Before the Eastern Conference finals began — hours before the Boston Celtics fell behind by as many as 28 points in their Game 1 loss to the Cleveland Cavaliers and days before Boston trailed by as many as 50 in Cleveland’s Game 2 romp — Celtics coach Brad Stevens offered some pretty heady praise for his opponent.
“This is a perfect roster with regard to how many predicaments they can put you in with all the shooting around [LeBron James],” Stevens said. “You never want to double when you have that much shooting because eventually, like I said, they’re going to find a good shot. If not, they’re going to get the rebound.”
Never mind the fact that the Cavs were the No. 2 seed and the Celtics had home court thanks to the No. 1 record in the East. Forget about the Celtics being younger and ostensibly hungrier, having zero players on their team with championship experience. The Cavs, in Stevens’ eye, were capable of perfection.
Cleveland’s roster construction begins with James, of course, a player so special, so versatile, so commanding that general manager David Griffin refers to him as “cheat code.” As in, sometimes it’s simply unfair to have him on your side.
His averages through Cleveland’s 10-0 postseason start are almost surreal: 34.3 points on 56.9 percent shooting (45.8 percent from 3), 8.5 rebounds, 7.1 assists, 2.3 steals and 1.5 blocks per game.
He is the engine, the Swiss Army knife, the queen on the chessboard, gifting Cavs coach Tyronn Lue with endless lineup possibilities because of the sheer amount of positions he can provide: small forward, stretch forward, back-to-the-basket big, point guard, point forward, defensive rover, defensive ballhawk, etc.
James is flanked by Kyrie Irving, perfectly suited to take turns with James dissecting the defense when he gets one-on-one coverage; and Kevin Love, a floor spacer so respected that he gives James and Irving the requisite room to attack, yet so skilled that he can also create as a passer or a scorer when the offense is initiated through him. They all make each other that much more dangerous when the defense chooses to key in on one individual.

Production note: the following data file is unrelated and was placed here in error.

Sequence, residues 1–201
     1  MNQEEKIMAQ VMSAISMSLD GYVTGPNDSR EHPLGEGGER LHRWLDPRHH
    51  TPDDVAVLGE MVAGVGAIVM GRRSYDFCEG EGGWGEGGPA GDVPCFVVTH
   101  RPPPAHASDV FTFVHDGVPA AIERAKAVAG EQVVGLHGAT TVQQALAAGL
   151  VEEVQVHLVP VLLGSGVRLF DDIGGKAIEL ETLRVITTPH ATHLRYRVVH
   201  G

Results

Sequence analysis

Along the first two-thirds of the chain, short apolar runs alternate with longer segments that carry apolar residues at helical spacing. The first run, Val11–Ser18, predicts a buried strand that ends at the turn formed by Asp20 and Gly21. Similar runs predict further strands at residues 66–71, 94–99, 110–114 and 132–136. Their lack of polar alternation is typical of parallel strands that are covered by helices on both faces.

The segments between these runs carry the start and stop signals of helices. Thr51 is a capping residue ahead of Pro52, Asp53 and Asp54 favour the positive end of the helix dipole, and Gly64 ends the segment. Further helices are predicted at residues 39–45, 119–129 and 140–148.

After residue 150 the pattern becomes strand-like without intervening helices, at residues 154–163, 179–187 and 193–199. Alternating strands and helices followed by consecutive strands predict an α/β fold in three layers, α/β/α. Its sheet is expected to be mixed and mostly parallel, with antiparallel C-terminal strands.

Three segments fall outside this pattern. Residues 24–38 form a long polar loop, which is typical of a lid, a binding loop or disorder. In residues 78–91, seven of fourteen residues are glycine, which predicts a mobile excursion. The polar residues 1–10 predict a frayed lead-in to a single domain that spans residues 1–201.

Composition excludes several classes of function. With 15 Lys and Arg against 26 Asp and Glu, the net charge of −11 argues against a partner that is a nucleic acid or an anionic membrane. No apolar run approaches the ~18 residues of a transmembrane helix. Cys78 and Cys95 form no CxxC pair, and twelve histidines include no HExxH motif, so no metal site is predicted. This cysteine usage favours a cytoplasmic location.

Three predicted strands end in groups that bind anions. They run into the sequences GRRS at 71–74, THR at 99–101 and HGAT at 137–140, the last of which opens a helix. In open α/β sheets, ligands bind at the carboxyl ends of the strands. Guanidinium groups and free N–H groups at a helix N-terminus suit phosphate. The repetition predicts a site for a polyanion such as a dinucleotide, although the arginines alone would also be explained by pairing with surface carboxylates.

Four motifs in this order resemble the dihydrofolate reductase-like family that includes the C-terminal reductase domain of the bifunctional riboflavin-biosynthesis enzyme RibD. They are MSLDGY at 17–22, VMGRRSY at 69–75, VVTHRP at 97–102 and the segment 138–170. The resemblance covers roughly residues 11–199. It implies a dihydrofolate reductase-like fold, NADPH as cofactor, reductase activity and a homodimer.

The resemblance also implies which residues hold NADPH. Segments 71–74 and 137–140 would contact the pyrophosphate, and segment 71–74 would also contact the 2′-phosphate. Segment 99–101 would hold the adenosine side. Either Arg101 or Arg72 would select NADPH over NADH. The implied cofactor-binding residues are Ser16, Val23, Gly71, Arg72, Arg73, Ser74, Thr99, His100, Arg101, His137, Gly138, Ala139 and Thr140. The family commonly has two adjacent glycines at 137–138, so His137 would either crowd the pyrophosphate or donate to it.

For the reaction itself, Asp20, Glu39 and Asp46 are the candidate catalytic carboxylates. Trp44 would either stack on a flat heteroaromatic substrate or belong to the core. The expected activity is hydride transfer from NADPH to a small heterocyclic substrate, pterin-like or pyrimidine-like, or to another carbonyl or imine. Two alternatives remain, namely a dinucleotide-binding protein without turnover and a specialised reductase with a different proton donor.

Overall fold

“How do you not pay extra close attention to the best player in the world?” Stevens said of James. “And with the way Kyrie has scored the ball on the biggest stage over and over and over, and with his ability, there’s another one that you have to react to over and over. So there are all kinds of issues with defending them.”
Dangerous, sure. Potent, absolutely. But perfect? The team that was wildly inconsistent in the regular season and even showed signs of vulnerability as recently as the first round of the playoffs?
“Well, that’s a huge compliment, but there’s no such thing for us,” James said of Stevens’ assessment. “We don’t have a perfect roster. We don’t have a perfect team. But we can make up for mistakes, and we can make up for maybe some deficiencies that we may have because we communicate, we fly around and we sacrifice for one another. That could put us as close to perfection as possible, which you can’t ever get to. But our communication level, our sacrifice, what we give to each other every night kind of covers that, kind of covers some of the faults that we may have. And with the faults that we do have, we try to get better and better at it so we can be as great as we can be every single night.”